VWC thanks restaurant for gift certificates
To the editor:
On Feb. 8, during the Washington County Arts Council’s Annual Art Educators Exhibit, Volunteer Washington County (VWC) held a reception to honor the winners of this year’s MLK Day of Service Art Contest. VWC and the WCAC were pleased to award gift certificates for art supplies to Erin Mettille, Nahja Collins, Lauren Giannola and Liana James.
VWC, thanks to the generous contributions of Cafe del Sol, awarded the winners gift certificates to the restaurant. Volunteer Washington County would like to thank Cafe del Sol for its generous donation and for supporting the artistic excellence of others.
Bernadette Wagner, co-director
Volunteer Washington County
Reading to children offers hope for the future
To the editor:
Educators and policymakers of all stripes donned their Cat-in-the-Hat hats this week and read to young children to celebrate Dr. Seuss’ birthday. United Way, in our partnership with the National Education Association and teachers everywhere, was proud to celebrate Read Across America Day on Friday. It’s a fun way to celebrate books and reading, but our commitment to early literacy must be sustained every day of the year.
Across the country, two-thirds of our third-graders aren’t reading on grade level, which means they are four times as likely to drop out of high school. And the outlook is even worse for disadvantaged students. A staggering 83 percent of fourth-graders from low-income families don’t read on grade level.
We all want opportunity for our children. But kids who don’t read well by third or fourth grade tend to fall further behind as they start reading to learn. Too many check out, drop out and fail to reach their potential. It’s no exaggeration to say that helping kids read well can help us close achievement gaps, increase graduation rates, support our local economy and build a strong community.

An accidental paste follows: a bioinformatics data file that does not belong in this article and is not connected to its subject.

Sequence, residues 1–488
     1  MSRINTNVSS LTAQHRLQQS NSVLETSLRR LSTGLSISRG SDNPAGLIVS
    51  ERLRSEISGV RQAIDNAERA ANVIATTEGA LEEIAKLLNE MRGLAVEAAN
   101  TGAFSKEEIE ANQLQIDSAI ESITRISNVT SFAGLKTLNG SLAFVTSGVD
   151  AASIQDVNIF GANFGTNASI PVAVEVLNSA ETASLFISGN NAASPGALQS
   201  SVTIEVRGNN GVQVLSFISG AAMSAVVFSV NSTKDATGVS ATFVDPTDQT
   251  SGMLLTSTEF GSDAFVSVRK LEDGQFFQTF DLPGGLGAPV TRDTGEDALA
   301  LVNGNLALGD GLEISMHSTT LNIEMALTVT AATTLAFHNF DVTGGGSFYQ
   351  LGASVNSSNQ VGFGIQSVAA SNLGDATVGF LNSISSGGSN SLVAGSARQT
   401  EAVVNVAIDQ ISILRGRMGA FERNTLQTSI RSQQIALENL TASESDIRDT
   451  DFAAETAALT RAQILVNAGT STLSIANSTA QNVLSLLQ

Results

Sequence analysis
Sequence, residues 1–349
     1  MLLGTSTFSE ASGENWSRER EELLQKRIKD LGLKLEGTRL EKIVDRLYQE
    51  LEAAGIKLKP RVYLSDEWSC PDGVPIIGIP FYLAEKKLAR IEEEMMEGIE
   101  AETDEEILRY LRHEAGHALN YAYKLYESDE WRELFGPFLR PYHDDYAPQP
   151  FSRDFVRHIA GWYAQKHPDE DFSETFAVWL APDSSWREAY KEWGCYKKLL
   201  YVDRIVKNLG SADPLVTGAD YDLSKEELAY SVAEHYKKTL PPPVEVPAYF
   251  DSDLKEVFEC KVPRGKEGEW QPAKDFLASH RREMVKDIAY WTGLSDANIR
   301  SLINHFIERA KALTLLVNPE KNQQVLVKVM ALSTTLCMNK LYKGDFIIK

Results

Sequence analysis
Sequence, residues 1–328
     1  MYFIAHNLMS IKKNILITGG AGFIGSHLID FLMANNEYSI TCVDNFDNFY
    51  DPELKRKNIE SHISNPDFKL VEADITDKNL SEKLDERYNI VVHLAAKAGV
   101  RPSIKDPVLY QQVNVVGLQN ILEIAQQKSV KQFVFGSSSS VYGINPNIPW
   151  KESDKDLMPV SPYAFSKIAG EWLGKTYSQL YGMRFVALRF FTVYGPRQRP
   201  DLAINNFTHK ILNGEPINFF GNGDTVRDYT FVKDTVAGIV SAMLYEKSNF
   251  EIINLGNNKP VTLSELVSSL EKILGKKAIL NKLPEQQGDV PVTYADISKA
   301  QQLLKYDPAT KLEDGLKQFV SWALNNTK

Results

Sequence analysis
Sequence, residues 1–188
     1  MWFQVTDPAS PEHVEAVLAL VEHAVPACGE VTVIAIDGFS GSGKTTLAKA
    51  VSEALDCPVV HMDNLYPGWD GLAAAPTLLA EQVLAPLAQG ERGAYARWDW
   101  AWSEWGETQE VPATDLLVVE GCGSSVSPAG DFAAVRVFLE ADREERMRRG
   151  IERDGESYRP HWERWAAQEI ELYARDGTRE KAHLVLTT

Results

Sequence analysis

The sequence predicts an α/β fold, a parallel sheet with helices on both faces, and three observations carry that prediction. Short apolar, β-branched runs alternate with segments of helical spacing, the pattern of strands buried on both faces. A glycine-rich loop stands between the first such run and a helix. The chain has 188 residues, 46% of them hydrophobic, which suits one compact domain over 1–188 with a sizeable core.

Families, schools and communities have to work together. We have the power to change our nation’s future if we work together to help struggling readers in elementary school. Teachers can’t do it alone. Families might not know exactly what to do to help their child read or know how to spot a reading problem early on.
But the truth is, all of us can be part of the solution. You can read out loud to your child or grandchild tonight. You can volunteer to read to kids in your local child care center or elementary school next week. You can volunteer as a tutor or mentor, speak up at your local school board meeting, or donate books to your local library or afterschool program.
Take action, because change doesn’t happen without you.
Melissa Reabold, executive director
United Way of Washington County
State, gun opponents should pay proposed fees
To the editor:
I note one very interesting point on the debate over firearms — money. Why is it that as Marylanders we are forever facing increasing fees, new fees and fees period? Given the current state of the economy, it is easy to see why Gov. O’Malley is so quick to ride this bandwagon of gun opponents. I suggest the state and those aboard this bandwagon should foot these proposed fees. The latter is logical, given they are the ones wishing to create them.
To those who truly believe that guns are the problem, consider the following. Every single day in this world, children are molested, women are raped, wives are physically beaten, people go hungry and senior citizens have no heat, no food and no medications. Much of that is done without a gun.
We need to focus on the real problems rather than those that could increase state revenue.
Randy A. Breeden